For algebraic topology, it really depends on what areas of you'll be studying. If you'll be looking into homology and cohomology, you should read Allen Hatcher's Algebraic Topology (chapters 2 and 3). If you're going to be spending your time on homotopy theory, then I'd recommend Arkowitz' book on Homotopy theory. Hatcher also treats homotopy theory, but I don't particularly like how he goes about that. Arkowitz is better for this, in my opinion.
For algebraic geometry, I don't know that there's a standard 'compact' text which will be of that much use in a first course. Perhaps Miles Reid's Undergraduate Algebraic Geometry.
For both things, I'd recommend learning some category theory. Learn about functors. In both algebraic geometry and algebraic topology we use functors to go from the "geometric" (or topological) world of spaces to the algebraic world of rings and groups (among other things). When you start your algebraic topology course you should aim to understand (for example) how the fundamental group is actually a functor from Top to Grp. When you start doing algebraic geometry, try to understand the functors which you're using there too. It helps understand the bigger picture.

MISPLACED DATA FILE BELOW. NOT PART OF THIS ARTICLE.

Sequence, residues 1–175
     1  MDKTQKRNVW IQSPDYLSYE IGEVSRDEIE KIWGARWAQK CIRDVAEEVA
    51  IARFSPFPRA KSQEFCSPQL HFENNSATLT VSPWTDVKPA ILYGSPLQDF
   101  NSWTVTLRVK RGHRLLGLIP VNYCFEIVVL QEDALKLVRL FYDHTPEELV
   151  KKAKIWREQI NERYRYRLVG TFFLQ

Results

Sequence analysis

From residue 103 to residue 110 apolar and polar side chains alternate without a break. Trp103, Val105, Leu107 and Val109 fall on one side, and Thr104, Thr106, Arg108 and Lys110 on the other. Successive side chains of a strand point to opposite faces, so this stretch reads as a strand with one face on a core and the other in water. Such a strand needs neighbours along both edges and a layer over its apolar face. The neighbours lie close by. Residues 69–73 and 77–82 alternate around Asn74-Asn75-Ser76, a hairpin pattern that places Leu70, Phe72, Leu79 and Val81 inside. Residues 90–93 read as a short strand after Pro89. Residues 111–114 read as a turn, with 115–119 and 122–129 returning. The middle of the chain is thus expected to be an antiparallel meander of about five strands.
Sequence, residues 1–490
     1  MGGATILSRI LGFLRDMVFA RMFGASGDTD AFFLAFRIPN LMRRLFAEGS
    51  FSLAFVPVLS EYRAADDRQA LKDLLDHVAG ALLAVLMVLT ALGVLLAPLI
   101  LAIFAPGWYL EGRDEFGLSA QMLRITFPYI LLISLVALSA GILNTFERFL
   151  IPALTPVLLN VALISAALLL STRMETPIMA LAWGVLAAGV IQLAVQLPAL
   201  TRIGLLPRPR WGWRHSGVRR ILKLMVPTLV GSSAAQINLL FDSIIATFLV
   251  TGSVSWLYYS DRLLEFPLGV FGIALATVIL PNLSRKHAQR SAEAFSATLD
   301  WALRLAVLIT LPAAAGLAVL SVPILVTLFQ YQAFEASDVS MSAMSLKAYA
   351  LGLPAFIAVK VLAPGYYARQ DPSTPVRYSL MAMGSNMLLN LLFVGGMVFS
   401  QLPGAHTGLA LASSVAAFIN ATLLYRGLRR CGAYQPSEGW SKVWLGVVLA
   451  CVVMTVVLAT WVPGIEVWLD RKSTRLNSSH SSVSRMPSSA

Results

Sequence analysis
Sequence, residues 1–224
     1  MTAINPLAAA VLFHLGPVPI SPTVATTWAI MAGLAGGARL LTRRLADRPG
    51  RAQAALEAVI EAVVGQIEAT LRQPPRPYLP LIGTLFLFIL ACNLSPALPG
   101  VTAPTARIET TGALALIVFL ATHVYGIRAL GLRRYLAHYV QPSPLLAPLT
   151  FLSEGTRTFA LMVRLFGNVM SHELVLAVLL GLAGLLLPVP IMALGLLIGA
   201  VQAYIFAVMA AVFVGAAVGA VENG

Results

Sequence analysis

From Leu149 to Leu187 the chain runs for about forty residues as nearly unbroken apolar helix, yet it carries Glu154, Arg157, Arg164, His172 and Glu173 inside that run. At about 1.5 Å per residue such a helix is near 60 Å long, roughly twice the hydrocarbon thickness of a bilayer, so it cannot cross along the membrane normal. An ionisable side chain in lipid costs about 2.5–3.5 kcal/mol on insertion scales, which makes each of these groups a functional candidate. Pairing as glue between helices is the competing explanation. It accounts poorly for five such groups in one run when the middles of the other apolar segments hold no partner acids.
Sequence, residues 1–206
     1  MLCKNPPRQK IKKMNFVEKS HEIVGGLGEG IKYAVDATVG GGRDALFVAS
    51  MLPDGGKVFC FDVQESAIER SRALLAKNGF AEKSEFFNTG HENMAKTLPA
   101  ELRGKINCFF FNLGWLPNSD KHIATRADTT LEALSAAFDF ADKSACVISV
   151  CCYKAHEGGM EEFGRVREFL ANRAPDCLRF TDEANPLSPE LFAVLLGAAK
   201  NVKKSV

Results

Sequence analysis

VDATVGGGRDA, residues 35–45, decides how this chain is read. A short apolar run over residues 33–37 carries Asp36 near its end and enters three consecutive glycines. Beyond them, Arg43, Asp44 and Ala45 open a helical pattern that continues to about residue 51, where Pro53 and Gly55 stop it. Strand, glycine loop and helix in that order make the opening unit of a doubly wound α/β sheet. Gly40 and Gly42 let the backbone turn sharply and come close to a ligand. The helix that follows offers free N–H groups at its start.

In both cases, an in depth understanding of the algebraic objects at hand is absolutely necessary. In the case of a first course in algebraic topology, group theory is important. In the case of algebraic geometry, ring theory. Particularly a good understanding of polynomial rings is important - but then again, algebraic geometry is basically designed to help us understand those :)